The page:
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Barnard Park and Sobell Leisure Centre football protesters team up to take on Islington Council

PUBLISHED: 14:34 03 July 2017 | UPDATED: 10:38 18 August 2017

Campaigners from the Barnard Park football pitches and the Sobell Centre five-a-side league outside the town hall before a council meeting discussing both controversial projects last month. Picture: Polly Hancock

Campaigners from the Barnard Park football pitches and the Sobell Centre five-a-side league outside the town hall before a council meeting discussing both controversial projects last month. Picture: Polly Hancock

Archant

Two sets of protesters teamed up to take on the mighty Islington Council over the loss of their beloved football pitches.

The boards went up soon after the election count. The boards went up soon after the election count.

Barnard Park campaigners and five-a-side players from the Sobell Leisure Centre turned the steps of the town hall into the terraces before Thursday’s council meeting.

The former are unhappy about the loss of the borough’s last free-to-use full-size pitch, which will be replaced with a seven-a-side pitch and “grass areas”. The latter are furious about their indoor pitches being replaced by a trampoline park with little consultation. Between the two venues, more than 500 players could be ousted.

And things got a bit heated, too. Barnsbury homeowner and Barnard Park user James Dunnett let the protesters know exactly what he thought about their counter-proposal for an all-weather pitch.

The sports hall as at June 20. The sports hall as at June 20.

“I’m not going to run on your plastic pitch, thank you very much,” he yelled at them.

Inside, things were more civil. Councillors didn’t concede much ground but David Scrafton, who runs the Highbury Football School on Barnard Park, said the fight goes on.

“We expected stock answers and that’s what we got really,” he told the Gazette. “My son asked where he was meant to play and the councillor said he could still play there. But I don’t think she understood trying to get 100 kids onto a seven-a-side pitch. It doesn’t work.”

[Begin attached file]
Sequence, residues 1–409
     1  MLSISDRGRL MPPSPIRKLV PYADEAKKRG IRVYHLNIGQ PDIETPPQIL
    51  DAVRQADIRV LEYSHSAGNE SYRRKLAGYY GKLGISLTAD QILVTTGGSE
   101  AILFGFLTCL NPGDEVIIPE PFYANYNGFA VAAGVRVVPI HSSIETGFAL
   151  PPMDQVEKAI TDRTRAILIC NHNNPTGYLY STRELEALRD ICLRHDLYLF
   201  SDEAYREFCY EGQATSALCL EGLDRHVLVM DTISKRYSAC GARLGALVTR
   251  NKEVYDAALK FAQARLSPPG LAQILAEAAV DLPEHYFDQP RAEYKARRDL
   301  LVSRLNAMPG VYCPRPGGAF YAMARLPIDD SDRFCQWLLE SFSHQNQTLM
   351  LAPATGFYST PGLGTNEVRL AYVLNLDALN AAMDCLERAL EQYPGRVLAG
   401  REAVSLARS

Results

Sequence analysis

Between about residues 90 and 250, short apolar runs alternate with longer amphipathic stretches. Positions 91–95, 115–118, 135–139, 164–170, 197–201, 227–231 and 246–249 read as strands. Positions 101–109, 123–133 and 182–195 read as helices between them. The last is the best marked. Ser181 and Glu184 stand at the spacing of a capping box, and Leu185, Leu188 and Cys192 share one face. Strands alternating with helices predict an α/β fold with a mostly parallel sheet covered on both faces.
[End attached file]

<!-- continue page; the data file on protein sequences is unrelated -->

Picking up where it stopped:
Some scaffolding could be seen on the floor 10 days after work started. Some scaffolding could be seen on the floor 10 days after work started.

The campaigners have not given up yet, and are planning a tournament to raise awareness while they wait to find out if the government will call in the decision.

As for the Sobell players, one of them, John Barber asked health boss Cllr Janet Burgess why the town hall “buried” operator GLL’s proposals for the trampoline park on page 133 of the last council meeting agenda, with no details of size, timing or funding.

Cllr Burgess stood her ground, and said there was no requirement for a statutory consultation. But she did agree to view case law stating otherwise when told about it by sole opposition councillor Caroline Russell.

June 27: Not much progress, but some fences had been erected alongside the badminton courts June 27: Not much progress, but some fences had been erected alongside the badminton courts

Progress on the controversial trampoline park isn’t exactly bouncing along, despite work starting almost a month ago.

Images taken over the last three weeks show wooden boards went up in the days after the General Election count on June 8, but by June 20 not much had gone on. A few trampolines had been wheeled into the area and some scaffolding had been laid out on the floor. On Tuesday last week the climbing wall had been covered in the scaffolding and metal fences had gone up alongside the badminton courts.

A spokesman for GLL said “good progress” was being made, and work had been done on other areas of the centre first.

And scaffolding had covered the climbing wall. And scaffolding had covered the climbing wall.

“We are looking forward to providing a greatly enhanced leisure offer for Sobell users,” he said.

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